Since breast cancer (BC) cells are dependent on mitochondrial bioenergetics for promoting proliferation, survival, and metastasis, mitochondria highlight as an important target for anticancer drug discovery. FRI-1, methyl 1, 3-dimethyl-5, 8-dioxo-5, 8-dihydro-4-isoquinolinecarboxylate, was previously described as a selective cytotoxic compound on cancer cell lines, however, details on the mechanism of action remain unknown. In this work, we describe that FRI-1 inhibits mitochondrial bioenergetics, producing apoptosis in MCF7 and MDA-MB-231 BC cell lines. FRI-1 decreases the maximal oxygen consumption rate (OCR), Δψm, NADH, and ATP levels, with a notable increase of mitochondrial reactive oxygen species (ROS) production, promoting AMPK activation with pro-survival effects. Moreover, FRI-1 inhibits the metabolic remodeling to glycolysis induced by oligomycin. In isolated tumoral mitochondria, FRI-1 increases Complex I and III-dependent OCR state 2, and this is sensitive to rotenone and antimycin A inhibitor additions, suggesting a redox cycling event. Remarkably, α-ketoglutarate and lipoic acid supplementation reversed and promoted, respectively, the FRI-1-induced apoptosis, suggesting that mitochondrial redox disruption affects 2-oxoglutarate dehydrogenase (OGDH) activity, and this is involved in their anticancer mechanism. Consistent with this, the combination of FRI-1 and CPI-613, a dual inhibitor of redox-sensible tricarboxylic acid (TCA) cycle enzymes PDH and OGDH, produced extensive BC cell death. Taken together, our results suggest that FRI-1 exhibits anticancer effects through inhibition of mitochondrial bioenergetics by redox disruption in BC cells. Full article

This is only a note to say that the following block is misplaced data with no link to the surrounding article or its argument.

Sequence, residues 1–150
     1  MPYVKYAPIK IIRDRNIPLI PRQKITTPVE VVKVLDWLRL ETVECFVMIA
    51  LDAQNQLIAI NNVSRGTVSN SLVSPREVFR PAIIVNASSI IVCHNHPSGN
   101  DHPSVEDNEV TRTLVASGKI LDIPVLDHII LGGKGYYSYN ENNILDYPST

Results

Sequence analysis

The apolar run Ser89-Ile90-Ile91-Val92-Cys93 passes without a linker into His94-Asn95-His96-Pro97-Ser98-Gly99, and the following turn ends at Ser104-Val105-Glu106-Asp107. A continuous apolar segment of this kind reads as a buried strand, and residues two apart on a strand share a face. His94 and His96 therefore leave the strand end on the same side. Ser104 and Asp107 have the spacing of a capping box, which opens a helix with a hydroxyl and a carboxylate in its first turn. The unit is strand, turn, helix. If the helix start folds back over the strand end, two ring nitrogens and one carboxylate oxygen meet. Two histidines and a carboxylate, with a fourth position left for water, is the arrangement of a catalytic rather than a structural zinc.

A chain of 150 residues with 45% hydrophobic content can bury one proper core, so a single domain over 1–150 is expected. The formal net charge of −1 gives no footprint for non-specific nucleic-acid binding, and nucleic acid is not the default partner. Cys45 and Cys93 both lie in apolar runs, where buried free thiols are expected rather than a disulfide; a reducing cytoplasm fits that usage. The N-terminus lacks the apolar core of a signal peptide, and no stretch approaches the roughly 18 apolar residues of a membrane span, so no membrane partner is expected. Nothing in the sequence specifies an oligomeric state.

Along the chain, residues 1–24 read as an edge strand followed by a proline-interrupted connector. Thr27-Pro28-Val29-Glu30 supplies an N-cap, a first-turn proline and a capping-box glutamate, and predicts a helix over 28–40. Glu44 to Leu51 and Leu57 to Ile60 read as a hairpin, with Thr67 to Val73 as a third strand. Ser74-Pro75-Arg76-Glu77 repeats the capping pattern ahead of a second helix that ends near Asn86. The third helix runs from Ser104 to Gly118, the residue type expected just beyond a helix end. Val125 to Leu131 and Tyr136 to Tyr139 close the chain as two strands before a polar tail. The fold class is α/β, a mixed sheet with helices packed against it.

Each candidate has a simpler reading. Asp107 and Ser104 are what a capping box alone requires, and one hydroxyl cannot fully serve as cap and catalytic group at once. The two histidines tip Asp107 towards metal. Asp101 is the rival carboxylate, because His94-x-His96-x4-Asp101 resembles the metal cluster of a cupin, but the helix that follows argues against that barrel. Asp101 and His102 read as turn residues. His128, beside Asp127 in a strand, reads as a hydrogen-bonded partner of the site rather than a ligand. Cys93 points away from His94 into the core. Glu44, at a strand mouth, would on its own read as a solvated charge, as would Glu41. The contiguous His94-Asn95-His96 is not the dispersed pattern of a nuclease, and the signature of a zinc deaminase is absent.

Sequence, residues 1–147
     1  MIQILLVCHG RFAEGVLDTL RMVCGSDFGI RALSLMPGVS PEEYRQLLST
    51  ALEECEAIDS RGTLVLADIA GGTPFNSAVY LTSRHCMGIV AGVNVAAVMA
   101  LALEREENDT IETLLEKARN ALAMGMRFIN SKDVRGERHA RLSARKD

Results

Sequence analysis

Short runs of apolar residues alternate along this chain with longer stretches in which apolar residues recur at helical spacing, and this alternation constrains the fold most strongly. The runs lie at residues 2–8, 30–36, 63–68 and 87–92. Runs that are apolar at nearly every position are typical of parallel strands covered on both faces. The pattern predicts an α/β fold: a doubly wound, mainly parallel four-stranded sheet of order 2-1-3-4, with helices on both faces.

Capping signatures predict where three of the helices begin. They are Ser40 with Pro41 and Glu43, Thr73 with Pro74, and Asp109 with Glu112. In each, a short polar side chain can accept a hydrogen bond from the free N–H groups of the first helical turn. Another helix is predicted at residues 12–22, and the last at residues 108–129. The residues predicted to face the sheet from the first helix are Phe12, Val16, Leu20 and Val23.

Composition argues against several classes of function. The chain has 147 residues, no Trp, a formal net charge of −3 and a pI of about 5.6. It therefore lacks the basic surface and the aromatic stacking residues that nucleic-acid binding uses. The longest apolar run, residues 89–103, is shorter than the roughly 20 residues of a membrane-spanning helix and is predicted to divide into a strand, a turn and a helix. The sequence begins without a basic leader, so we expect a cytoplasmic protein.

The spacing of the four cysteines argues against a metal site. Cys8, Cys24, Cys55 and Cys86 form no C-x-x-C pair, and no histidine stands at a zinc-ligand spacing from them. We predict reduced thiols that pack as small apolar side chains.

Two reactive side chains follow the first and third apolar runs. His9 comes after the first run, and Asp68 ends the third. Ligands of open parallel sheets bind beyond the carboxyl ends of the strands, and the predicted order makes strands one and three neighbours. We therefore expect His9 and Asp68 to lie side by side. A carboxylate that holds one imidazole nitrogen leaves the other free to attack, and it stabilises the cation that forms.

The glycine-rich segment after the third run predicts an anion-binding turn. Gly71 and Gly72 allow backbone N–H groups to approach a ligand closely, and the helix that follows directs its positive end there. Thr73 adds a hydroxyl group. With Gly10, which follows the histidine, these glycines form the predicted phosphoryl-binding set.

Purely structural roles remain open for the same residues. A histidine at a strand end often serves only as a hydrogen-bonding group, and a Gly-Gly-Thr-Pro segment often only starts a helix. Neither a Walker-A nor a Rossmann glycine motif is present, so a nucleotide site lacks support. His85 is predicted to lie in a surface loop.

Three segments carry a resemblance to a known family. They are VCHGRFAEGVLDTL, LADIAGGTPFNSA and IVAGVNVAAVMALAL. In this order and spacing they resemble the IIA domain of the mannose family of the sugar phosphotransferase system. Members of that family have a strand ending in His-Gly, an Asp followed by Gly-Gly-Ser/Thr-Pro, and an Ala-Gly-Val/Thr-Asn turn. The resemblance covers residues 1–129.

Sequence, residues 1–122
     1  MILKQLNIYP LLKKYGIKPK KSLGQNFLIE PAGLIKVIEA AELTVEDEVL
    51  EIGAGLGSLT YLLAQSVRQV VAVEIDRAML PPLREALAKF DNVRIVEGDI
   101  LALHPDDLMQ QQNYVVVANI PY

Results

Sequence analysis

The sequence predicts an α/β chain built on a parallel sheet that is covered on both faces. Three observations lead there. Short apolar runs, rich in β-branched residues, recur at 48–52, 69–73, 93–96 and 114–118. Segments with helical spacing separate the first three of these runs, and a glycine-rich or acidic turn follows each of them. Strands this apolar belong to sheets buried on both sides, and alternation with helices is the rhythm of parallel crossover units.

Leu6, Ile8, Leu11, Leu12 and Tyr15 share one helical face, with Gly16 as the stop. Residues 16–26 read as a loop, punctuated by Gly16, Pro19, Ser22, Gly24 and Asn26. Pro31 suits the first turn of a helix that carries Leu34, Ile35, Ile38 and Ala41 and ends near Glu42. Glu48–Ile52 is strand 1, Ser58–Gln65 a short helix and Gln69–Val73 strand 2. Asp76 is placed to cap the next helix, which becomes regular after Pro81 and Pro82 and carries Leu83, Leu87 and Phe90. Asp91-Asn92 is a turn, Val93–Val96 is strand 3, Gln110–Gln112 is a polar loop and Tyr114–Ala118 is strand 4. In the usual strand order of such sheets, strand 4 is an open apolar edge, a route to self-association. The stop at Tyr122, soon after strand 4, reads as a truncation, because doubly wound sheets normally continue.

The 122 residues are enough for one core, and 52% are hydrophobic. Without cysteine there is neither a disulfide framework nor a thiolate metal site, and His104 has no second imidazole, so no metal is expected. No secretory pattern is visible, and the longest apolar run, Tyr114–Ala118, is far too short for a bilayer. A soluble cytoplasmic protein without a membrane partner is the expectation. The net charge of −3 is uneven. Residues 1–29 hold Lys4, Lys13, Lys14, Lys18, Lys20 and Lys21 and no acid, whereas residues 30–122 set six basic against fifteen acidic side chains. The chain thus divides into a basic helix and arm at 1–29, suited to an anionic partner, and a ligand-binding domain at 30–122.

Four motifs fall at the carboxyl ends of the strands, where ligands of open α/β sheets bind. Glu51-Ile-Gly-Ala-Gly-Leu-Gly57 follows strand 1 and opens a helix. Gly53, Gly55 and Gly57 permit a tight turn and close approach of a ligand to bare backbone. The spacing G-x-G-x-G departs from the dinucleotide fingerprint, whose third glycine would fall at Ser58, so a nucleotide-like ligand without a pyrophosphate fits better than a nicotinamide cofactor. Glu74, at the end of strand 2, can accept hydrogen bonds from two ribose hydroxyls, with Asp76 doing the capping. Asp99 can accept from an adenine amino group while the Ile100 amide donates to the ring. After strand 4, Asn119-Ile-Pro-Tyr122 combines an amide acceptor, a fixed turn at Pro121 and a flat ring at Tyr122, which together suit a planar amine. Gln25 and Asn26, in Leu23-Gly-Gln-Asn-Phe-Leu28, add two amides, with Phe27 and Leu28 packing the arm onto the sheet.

(This article belongs to the Special Issue Mitochondrial Redox Regulations)
Show Figures

Figure 1

Article
Effect of Chronic Stress Present in Fibroblasts Derived from Patients with a Sporadic Form of AD on Mitochondrial Function and Mitochondrial Turnover
Antioxidants 2021, 10(6), 938; https://doi.org/10.3390/antiox10060938 - 10 Jun 2021
Cited by 5 | Viewed by 1141
Abstract
Although the sporadic form of Alzheimer’s disease (AD) is the prevalent form, the cellular events underlying the disease pathogenesis have not been fully characterized. Accumulating evidence points to mitochondrial dysfunction as one of the events responsible for AD progression. We investigated mitochondrial function [...] Read more.